Polycystic ovarian syndrome or PCOS is the most common hormonal abnormality in this population, affecting about 4–18% of reproductive-age women. Signs and symptoms can range in severity from increased androgen production (male hormones) and altered gonadotropin secretion. These hormones can force its sufferers to deal with irregular or prolonged periods, excess body and facial hair (hirsutism), acne, and male-pattern baldness. Nothing a girl wants! Not surprisingly, these symptoms lead to increased anxiety and depression among women and even adolescents. Still, even more devastating to some PCOS patients is the possibility of infertility and increased risk of endometrial cancer.
If that wasn’t enough, PCOS also has metabolic characteristics leading to even more health problems, including increased risk of insulin resistance, type 2 diabetes, fatty liver disease, dyslipidemia, a prothrombotic state, and cardiovascular disease. As you might have guessed, PCOS is strongly associated with obesity, with prevalence of 80% amongst patients in the United States.
Doctors use one of three sets of criteria to diagnose patients with PCOS:
Once diagnosed, treatments vary based on individual preferences and desired fertility. Multiple pharmaceutical options are available to address specific comorbidities of PCOS, including oral contraceptives, Metformin (Glucophage), Clomiphene, Inositol, and Spironolactone. But before medication is prescribed, a crucial part of management is exercise and diet.
The exact cause of PCOS is still unclear, but we know there’s a substantial connection to excess weight, insulin resistance, and metabolic syndrome. Insulin resistance and hyperinsulinemia appear to be linked to PCOS independent of obesity. High blood levels of insulin can increase hormone stimulation in the ovaries as well as act on reproductive hormones in the brain and adrenal glands. So, it would be intuitive to make dietary changes to decrease insulin levels, naturally restore insulin sensitivity, and reverse metabolic syndrome while reducing weight. This is where the ketogenic diet shines!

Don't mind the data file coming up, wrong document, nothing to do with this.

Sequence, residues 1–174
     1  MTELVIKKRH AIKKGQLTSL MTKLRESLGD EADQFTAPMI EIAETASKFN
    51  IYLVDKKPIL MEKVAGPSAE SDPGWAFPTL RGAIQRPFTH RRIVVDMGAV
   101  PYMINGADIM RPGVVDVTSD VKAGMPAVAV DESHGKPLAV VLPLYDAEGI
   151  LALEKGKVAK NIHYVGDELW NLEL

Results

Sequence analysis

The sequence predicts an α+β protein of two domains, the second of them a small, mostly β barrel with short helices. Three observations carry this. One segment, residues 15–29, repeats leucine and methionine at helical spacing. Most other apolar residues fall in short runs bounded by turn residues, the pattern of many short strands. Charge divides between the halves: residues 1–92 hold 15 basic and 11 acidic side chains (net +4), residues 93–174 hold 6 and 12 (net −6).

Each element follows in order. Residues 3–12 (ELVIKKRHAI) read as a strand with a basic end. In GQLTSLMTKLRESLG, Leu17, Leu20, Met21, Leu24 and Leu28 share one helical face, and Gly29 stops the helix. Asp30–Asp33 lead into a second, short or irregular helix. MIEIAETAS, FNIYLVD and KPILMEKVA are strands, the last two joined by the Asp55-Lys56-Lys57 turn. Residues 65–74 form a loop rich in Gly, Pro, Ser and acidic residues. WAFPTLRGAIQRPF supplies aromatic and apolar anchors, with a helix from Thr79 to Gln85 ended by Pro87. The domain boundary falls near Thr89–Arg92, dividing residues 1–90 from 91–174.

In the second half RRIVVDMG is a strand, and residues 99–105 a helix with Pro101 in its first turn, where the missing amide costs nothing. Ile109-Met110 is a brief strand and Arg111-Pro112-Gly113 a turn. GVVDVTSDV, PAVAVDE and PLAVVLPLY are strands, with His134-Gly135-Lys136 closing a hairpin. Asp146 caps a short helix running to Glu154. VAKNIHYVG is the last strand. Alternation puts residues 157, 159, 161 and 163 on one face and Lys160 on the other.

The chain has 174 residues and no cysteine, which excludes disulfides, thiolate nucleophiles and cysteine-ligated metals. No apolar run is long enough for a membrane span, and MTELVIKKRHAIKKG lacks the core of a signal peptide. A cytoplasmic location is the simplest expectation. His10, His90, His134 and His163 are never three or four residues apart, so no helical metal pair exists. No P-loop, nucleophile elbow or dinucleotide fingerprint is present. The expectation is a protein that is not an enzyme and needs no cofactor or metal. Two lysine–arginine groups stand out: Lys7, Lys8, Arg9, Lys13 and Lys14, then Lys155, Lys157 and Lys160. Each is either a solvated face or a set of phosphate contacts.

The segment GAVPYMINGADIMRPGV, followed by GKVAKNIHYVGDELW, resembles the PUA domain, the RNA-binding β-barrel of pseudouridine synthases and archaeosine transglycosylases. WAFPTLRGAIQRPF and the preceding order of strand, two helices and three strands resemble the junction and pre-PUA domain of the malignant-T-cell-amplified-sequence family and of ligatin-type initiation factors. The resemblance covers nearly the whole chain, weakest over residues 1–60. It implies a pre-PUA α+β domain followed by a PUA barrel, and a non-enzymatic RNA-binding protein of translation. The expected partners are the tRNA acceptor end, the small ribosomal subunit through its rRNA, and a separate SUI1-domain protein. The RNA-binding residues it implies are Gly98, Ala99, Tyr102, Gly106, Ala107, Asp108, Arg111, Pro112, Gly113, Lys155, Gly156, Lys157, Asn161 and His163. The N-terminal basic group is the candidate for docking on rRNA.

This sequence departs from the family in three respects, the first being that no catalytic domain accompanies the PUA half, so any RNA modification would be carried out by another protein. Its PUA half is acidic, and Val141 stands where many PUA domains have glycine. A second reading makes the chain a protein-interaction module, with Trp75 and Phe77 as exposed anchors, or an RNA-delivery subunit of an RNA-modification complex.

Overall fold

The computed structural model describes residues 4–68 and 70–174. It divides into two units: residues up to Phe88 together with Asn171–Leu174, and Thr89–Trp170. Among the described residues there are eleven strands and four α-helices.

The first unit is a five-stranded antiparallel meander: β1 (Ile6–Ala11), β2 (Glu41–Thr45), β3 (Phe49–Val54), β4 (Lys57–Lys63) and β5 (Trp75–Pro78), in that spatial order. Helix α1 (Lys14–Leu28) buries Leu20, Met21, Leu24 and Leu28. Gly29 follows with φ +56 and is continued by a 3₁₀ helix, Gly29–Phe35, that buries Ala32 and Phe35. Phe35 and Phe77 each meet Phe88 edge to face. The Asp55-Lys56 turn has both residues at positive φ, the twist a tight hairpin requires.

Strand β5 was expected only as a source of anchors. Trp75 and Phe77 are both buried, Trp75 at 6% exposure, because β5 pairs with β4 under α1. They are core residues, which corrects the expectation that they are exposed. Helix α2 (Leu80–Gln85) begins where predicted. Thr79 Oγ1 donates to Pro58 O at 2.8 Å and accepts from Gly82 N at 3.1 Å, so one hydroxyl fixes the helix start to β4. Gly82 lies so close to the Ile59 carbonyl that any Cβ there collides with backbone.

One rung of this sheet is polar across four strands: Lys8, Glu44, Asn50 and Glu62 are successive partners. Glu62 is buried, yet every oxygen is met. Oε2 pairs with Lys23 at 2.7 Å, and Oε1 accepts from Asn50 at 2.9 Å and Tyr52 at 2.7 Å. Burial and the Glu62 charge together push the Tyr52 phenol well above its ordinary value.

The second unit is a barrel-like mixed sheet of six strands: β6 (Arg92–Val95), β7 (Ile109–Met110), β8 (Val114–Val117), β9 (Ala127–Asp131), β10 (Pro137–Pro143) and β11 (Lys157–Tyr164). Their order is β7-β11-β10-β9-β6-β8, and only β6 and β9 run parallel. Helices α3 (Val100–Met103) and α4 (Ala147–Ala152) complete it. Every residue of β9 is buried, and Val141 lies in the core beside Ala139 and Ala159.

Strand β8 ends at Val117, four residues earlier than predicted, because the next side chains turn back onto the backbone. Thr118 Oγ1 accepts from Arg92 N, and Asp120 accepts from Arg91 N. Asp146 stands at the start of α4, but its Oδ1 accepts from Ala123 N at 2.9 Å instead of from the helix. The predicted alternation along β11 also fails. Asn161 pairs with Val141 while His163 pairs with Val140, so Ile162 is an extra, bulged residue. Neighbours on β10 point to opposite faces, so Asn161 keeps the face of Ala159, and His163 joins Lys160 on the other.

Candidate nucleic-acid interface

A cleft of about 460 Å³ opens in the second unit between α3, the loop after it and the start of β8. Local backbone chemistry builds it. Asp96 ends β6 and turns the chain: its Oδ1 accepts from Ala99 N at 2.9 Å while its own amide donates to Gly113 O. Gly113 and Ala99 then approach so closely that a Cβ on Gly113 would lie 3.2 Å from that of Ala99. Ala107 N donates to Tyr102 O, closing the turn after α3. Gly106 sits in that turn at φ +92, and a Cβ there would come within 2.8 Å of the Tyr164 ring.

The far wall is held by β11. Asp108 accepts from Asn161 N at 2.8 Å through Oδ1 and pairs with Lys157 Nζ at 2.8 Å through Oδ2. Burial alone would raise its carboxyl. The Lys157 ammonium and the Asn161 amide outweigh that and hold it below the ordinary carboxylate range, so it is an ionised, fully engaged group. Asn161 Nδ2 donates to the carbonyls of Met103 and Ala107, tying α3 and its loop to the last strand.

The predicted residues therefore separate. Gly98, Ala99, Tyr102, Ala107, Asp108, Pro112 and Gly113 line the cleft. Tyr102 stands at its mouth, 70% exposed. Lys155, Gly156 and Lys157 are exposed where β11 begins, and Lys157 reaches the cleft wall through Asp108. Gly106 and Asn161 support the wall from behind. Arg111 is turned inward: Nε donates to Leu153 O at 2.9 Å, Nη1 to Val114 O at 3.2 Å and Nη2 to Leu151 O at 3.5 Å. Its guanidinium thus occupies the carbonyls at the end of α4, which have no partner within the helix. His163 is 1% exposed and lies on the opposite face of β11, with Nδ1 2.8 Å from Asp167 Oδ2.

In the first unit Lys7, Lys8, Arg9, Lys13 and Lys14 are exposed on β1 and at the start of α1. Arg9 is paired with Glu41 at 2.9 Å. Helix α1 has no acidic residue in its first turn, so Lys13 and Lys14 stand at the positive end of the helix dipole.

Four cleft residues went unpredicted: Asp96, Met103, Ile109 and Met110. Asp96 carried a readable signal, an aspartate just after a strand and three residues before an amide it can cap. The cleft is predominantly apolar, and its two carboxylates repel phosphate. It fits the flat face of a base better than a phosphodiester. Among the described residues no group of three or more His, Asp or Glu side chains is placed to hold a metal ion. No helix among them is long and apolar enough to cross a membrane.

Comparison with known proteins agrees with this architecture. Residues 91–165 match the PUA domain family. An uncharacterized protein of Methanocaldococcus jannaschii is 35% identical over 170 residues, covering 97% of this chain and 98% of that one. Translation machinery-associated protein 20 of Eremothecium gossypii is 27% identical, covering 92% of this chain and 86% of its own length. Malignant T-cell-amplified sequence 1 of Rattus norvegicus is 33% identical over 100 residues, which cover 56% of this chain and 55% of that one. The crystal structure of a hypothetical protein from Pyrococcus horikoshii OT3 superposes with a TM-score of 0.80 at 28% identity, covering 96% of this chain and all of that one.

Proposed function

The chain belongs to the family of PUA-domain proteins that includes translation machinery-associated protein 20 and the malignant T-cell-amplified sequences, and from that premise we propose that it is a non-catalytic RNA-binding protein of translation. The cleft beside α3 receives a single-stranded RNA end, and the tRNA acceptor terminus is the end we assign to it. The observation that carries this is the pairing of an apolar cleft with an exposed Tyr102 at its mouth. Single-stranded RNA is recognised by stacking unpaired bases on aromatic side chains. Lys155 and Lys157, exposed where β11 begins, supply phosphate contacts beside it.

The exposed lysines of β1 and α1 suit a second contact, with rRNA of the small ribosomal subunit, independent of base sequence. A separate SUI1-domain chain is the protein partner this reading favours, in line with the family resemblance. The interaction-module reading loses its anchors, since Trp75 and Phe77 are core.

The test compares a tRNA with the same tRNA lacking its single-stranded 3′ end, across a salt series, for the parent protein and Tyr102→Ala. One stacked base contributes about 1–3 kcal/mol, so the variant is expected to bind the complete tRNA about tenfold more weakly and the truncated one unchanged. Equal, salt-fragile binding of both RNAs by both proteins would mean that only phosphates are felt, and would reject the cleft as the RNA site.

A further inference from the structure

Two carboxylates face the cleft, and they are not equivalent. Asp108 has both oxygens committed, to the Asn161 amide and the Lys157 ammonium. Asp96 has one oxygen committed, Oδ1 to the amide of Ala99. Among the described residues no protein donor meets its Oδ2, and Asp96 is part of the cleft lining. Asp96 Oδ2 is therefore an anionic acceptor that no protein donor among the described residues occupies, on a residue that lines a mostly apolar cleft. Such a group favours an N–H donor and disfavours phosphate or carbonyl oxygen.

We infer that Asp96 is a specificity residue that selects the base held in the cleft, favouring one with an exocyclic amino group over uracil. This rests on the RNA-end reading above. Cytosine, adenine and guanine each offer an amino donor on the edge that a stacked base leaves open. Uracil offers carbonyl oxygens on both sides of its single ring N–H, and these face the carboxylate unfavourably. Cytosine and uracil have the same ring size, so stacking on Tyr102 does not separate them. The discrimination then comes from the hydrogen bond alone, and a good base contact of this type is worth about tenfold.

Studies have shown that even without weight loss, compared to a standard diet, reducing carbohydrates in PCOS patients led to decreased fasting insulin levels, fasting glucose levels, insulin resistance, total testosterone, and cholesterol. Additional studies have demonstrated similar findings, in addition to weight loss, that further substantiate the benefits of a low-carbohydrate diet. Specifically, the ketogenic diet has shown significant improvement in weight, reproductive hormone levels, and fasting insulin levels in women with obesity and PCOS.
It is evident that a ketogenic diet will reduce insulin levels and body weight, which will in turn reduce or improve symptoms of PCOS. As always, discuss with your doctor before discontinuing any medications or dietary interventions. Check out Ketogenic.com’s list of keto-friendly doctors!
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Dr. Kristin Baier completed residency at University of Chicago-Illinois in 2014 and is a board-certified family physician practicing in the suburbs of Chicago. Her passion lays within helping people achieve optimal health through diet and life-style changes in place of or in addition to pharmaceuticals. Follow her on Instagram @doctoringketo or visit her website, www.doctoringketo.com, launching this summer.